Federal Reserve officials are likely to hold monetary policy steady at the conclusion of their two-day meeting Wednesday.
With no press conference scheduled after the meeting and no new economic forecasts to be released, any changes in their policy statement will be scrutinized for clues about the path for interest rates and when they might start shrinking the Fed's portfolio of Treasury and mortgage bonds. Here are four things to watch in the statement, which is scheduled for release at 2 p.m. EDT Wednesday.
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A big policy question these days is when the central bank will begin to slowly shrink the mountain of Treasury and mortgage-backed securities it accumulated during and after the financial crisis. Officials have been saying they plan to start this year, but haven't specified when. They are likely to wait until September before announcing plans to begin the process. Watch the statement closely for any language tweaks that could signal when they intend to move.
Price pressures have weakened lately, which could give the Fed reason to hold off on further interest-rate increases for a while. Inflation has undershot the Fed's 2% target for three consecutive months, according to the Fed's preferred gauge, the personal-consumption expenditures price index. Senior policy makers such as Fed governor Lael Brainard, Philadelphia Fed President Patrick Harker, Minneapolis Fed President Neel Kashkari and Dallas Fed President Robert Kaplan have voiced concern in recent weeks about pushing ahead with rate increases given the recent softening in inflation.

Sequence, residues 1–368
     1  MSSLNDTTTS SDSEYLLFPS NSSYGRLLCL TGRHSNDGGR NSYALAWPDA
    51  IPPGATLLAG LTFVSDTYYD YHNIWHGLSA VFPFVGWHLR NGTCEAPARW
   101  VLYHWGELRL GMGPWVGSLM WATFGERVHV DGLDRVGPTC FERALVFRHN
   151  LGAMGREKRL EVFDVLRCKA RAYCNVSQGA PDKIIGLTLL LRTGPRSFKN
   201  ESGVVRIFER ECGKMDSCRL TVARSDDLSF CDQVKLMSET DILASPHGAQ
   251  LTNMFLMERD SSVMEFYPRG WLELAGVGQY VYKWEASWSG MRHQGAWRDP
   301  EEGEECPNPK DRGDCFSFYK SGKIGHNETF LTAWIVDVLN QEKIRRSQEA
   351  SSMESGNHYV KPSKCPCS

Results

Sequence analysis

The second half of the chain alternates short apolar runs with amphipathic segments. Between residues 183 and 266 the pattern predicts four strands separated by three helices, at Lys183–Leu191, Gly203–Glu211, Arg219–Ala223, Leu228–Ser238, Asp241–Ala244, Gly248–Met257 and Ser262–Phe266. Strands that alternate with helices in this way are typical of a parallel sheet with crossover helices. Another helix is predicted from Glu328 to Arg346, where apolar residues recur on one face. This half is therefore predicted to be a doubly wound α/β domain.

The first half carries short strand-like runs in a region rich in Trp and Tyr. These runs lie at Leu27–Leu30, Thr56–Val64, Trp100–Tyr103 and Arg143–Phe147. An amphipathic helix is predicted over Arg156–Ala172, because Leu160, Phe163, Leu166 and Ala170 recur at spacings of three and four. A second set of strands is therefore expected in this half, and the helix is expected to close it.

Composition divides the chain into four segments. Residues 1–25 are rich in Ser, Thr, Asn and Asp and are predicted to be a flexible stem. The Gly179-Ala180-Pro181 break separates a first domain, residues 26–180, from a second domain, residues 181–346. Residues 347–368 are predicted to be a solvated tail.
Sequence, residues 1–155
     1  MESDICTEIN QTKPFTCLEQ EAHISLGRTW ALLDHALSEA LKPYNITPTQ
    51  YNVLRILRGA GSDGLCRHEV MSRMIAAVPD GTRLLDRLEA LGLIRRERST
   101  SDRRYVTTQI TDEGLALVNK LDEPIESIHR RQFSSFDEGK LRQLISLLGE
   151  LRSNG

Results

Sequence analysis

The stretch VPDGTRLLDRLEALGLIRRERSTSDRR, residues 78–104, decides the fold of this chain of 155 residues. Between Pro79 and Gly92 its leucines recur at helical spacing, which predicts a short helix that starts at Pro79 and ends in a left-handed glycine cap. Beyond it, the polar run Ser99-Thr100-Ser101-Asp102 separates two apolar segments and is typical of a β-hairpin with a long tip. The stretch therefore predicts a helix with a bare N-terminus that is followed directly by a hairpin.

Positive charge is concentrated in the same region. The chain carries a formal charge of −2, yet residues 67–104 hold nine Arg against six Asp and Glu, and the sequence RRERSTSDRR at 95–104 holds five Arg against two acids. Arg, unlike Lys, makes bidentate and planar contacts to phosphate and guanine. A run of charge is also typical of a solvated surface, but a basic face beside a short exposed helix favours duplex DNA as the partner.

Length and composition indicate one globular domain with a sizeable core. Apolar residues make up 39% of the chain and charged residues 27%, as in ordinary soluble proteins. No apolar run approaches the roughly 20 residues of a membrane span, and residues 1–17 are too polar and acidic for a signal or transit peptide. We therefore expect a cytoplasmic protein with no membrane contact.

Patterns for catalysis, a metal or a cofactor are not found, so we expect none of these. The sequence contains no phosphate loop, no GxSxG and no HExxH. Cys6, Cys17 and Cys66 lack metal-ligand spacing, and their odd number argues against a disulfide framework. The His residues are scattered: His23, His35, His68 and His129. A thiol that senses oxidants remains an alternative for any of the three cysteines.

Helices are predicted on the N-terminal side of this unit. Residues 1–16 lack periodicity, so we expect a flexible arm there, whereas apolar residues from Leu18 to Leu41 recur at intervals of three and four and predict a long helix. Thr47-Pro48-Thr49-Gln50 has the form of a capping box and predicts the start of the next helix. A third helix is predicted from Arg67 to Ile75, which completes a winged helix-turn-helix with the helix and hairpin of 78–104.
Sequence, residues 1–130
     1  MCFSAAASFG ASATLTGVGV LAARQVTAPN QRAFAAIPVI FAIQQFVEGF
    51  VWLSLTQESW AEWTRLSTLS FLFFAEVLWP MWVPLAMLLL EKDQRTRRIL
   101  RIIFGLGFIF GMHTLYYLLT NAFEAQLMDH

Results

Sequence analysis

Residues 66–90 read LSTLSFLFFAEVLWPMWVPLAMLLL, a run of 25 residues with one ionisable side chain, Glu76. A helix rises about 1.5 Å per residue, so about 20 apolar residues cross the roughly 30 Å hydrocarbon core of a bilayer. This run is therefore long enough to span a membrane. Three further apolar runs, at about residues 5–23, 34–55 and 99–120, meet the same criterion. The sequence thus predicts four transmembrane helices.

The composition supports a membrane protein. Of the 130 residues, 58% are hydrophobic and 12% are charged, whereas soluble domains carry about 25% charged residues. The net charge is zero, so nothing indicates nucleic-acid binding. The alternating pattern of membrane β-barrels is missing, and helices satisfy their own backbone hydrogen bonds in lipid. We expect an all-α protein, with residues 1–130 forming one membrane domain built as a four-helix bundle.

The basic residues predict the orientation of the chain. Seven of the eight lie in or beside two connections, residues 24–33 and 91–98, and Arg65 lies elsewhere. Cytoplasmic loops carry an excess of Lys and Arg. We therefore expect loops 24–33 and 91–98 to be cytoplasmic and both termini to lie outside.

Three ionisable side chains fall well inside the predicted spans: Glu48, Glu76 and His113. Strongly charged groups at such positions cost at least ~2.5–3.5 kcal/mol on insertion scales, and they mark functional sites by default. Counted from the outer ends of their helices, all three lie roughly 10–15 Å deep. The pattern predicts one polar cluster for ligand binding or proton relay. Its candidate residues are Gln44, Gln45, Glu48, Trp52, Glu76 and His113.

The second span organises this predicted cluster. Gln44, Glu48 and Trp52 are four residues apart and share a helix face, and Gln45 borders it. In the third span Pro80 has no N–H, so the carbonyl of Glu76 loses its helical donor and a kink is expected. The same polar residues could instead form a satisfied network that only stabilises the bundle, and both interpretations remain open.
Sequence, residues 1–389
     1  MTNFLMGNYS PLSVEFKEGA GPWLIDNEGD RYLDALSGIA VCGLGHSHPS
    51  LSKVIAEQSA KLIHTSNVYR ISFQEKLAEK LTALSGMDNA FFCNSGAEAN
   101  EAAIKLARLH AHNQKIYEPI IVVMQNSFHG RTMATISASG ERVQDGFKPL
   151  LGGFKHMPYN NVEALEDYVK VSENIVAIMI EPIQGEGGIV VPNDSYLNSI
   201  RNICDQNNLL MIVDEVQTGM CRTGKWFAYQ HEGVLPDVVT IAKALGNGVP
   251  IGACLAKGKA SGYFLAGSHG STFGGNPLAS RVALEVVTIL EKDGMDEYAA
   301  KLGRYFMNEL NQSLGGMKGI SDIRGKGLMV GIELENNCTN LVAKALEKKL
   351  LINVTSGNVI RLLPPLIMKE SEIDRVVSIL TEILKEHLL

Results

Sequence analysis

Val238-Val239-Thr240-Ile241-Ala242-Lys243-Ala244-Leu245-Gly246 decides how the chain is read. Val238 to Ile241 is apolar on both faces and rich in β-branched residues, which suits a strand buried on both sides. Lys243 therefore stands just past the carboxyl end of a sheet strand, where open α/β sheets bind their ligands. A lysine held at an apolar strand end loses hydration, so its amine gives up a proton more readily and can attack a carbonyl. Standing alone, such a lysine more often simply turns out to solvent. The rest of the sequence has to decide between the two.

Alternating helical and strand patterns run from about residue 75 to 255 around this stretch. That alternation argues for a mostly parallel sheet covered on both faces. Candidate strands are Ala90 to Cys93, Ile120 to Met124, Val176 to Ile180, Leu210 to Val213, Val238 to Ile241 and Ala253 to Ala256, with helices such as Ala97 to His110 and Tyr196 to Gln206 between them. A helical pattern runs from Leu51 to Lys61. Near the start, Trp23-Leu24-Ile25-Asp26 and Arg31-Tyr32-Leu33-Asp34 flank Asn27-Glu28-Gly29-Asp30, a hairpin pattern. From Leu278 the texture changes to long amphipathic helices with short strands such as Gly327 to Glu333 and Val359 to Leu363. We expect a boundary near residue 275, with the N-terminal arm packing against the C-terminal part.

Fed Chairwoman Janet Yellen said after the Fed's June policy meeting that recent lower inflation readings had been driven significantly by one-off drops in certain price categories, like wireless telephone services and prescription drugs. Yet she struck a stronger note of caution in congressional testimony earlier this month, saying "there may be more going on, and we're watching inflation very carefully in light of low readings." Watch the statement for any tweaks in officials' language about inflation.
Jobs, Jobs, Jobs
While weak inflation is prompting concern, the job market has been going gangbusters and unemployment was at a low 4.4% in June. That should offer some comfort to Fed officials who are counting on tight labor markets to eventually drive faster wage growth and inflation. The Fed's statement "will have to deal with the dichotomy between a resumption of moderate growth and continuing improvement in the labor market on one hand and ongoing softness in inflation on the other hand," Deutsche Bank analysts said in a note to clients last week.
Rate Increase? What Rate Increase?
One factor that the central bank is unlikely to address directly in its statement is the timing of its next rate increase. Officials raised their benchmark federal-funds rate last month to a range between 1% and 1.25%, and penciled in one more rate increase this year. Given officials' concerns about low inflation, they aren't likely to raise rates at their next few meetings. Federal-funds futures, used to wager on the central bank's interest-rate moves, place a 96.9% probability that the Fed leaves the fed-funds rate unchanged this month, a 91.6% probability it will keep the rate where it is now in September, and an 87.9% chance the benchmark rate still will be unchanged in November, according to CME Group.
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(END) Dow Jones Newswires
July 25, 2017 11:58 ET (15:58 GMT)